In fact, when Grameen got the Nobel prize, John Tierney wrote in the New York Times that he had another idea for the Nobel: Wal-Mart.

Other authors quickly agreed. Here's Jeremy Siegel writing "In Praise of Wal-Mart" in Kiplinger's magazine:

On the international front, those who criticize Wal-Mart for encouraging "sweatshops" in the developing world also fail to see the big picture. John Tierney, a columnist for The New York Times, recently wrote that Wal-Mart is as deserving of the Nobel Peace Prize as are Bangladeshi economist Muhammad Yunus and Grameen Bank, which he founded. Yunus and Grameen won the award in 2006 for their role in granting small loans to help poor villagers in Bangladesh start their own businesses. But, Tierney notes, Wal-Mart is responsible for the creation of far more jobs in developing nations.

So would you rather own your business, or work in a sweatshop? Let me think!

Of course, Siegel does (try to) address the "sweatshop" charge, but he seems to miss completely the deeper distinction: business vs. job.

Microcredit aims to create millions of businesses. Wal-Mart and other multinationals create millions of jobs.

What's the difference between your own business and a factory job, even a "nice" one? Ask Michael Strong, who also favors Wal-Mart over microentrepreneurs.

It may well be the case that the vast majority of Grameen Bank micro-entrepreneurs experience considerably greater pride and happiness in their work than do the factory workers hired by Wal-Mart suppliers. But most of these micro-entrepreneurs, who borrow less than $100 each and then repay the loan, do not experience as large an increase in standard of living as do those rural Chinese who move to urban areas and thereby earn an extra $1 or so per day, $365 or so dollars per year.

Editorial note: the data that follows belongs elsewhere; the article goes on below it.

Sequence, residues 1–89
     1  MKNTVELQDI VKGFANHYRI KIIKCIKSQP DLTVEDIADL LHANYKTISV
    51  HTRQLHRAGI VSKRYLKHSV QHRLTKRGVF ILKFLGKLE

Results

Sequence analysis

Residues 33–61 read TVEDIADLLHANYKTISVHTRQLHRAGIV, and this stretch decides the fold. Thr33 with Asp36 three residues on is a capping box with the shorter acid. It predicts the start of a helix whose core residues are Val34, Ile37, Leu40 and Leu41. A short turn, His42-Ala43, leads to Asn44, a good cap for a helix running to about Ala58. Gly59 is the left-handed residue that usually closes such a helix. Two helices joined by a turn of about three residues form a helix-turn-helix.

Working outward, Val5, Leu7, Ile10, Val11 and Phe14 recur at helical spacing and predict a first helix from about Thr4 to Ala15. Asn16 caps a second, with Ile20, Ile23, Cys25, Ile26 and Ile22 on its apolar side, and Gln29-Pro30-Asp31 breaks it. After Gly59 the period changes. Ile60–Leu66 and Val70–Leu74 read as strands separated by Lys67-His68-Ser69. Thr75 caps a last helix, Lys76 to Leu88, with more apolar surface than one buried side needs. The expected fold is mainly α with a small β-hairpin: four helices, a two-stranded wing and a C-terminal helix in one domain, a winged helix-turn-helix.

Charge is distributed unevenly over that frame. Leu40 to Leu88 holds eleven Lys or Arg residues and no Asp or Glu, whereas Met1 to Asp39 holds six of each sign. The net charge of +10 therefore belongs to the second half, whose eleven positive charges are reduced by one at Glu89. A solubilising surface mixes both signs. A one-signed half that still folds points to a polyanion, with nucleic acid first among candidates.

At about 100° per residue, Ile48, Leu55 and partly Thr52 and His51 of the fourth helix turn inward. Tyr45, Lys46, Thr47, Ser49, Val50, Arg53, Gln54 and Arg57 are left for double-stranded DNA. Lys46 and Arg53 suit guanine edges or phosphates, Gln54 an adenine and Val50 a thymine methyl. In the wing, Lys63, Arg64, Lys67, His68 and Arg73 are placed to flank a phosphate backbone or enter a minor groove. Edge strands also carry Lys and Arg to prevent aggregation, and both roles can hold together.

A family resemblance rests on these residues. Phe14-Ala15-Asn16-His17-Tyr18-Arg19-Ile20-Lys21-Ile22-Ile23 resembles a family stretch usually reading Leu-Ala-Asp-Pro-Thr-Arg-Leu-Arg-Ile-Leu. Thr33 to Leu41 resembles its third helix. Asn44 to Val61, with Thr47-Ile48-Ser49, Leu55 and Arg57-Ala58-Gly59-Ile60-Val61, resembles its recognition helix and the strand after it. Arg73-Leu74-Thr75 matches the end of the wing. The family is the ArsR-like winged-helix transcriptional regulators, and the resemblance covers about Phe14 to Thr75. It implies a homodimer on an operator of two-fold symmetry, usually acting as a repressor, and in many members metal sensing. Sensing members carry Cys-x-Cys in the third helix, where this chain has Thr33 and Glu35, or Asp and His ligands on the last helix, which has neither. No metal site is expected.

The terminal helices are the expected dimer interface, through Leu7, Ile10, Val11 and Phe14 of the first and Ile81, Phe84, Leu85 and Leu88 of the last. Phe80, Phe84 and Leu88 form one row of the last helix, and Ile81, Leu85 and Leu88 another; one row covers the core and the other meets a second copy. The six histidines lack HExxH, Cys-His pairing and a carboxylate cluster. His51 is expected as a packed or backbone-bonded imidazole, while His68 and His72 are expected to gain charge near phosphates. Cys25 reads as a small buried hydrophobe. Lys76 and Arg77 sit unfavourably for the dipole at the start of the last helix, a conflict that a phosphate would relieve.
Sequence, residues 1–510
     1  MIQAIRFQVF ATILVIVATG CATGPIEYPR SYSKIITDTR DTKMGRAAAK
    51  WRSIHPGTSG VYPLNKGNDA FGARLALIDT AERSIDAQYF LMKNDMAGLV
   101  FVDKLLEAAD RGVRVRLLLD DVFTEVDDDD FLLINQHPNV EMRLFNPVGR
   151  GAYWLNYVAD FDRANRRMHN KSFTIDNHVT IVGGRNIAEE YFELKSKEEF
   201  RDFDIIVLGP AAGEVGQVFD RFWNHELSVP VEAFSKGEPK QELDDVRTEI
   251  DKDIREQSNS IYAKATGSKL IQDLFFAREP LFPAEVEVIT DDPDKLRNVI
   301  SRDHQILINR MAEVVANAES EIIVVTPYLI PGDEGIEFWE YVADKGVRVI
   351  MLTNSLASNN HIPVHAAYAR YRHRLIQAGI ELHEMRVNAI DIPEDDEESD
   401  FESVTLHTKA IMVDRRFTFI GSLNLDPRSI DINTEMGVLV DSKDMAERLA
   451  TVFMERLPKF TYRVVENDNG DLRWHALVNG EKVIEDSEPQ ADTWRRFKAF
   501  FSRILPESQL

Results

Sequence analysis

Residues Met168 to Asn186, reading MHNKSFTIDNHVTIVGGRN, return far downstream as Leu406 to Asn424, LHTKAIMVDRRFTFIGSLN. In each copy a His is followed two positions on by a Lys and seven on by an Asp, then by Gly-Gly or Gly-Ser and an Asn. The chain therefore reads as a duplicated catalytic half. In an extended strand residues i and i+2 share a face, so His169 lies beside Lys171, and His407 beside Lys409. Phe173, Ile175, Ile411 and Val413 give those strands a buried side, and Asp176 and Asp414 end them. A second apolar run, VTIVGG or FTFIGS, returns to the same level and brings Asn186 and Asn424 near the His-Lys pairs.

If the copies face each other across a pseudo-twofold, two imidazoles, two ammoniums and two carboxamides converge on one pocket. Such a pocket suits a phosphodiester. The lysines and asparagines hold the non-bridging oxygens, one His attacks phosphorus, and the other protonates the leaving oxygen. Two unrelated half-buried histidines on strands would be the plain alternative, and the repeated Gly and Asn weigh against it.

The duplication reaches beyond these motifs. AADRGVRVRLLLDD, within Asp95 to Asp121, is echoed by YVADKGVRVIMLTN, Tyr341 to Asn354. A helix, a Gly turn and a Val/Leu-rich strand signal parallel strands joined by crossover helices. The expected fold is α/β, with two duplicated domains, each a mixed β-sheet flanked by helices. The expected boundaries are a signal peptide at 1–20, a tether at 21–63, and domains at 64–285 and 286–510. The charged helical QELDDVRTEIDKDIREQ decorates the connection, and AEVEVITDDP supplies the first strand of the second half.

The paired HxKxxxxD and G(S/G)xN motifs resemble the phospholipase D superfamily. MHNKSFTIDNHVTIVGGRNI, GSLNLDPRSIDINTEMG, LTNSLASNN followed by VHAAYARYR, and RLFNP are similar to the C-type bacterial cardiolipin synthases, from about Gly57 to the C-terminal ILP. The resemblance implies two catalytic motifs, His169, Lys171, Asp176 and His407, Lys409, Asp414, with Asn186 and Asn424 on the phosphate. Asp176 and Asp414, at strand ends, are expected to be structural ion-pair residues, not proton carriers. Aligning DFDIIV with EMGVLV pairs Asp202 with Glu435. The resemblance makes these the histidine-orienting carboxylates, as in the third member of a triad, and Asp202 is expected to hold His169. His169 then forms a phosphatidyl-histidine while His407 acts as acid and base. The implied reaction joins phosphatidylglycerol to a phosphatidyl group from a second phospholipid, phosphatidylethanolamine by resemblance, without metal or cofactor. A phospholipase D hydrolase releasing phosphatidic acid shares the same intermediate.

New business owners "experience considerably greater pride and happiness in their work." But they would make more money if they worked in a factory.

What are they thinking?

Do not seek happiness and pride in your work (not to mention control over your economic life, and staying within a hundred miles of your family and village). Seek instead to raise your "standard of living".

Later, Strong also notes that non-economists often see economics as "a form of brain damage, a cancer on our earth."

If micro-entrepreneurs were proud and happy in their work, but also still starving, of course that would be different --and how proud would they be? That's not the case.

True, an economist deals in mathematics. You can measure money; happiness is far trickier. I'm not asking economists to measure happiness, only to stop pretending to be so oblivious. E. F. Shumacher, an economist, makes this point brilliantly in his classic, Small Is Beautiful, as he discusses the need for "meta-economics".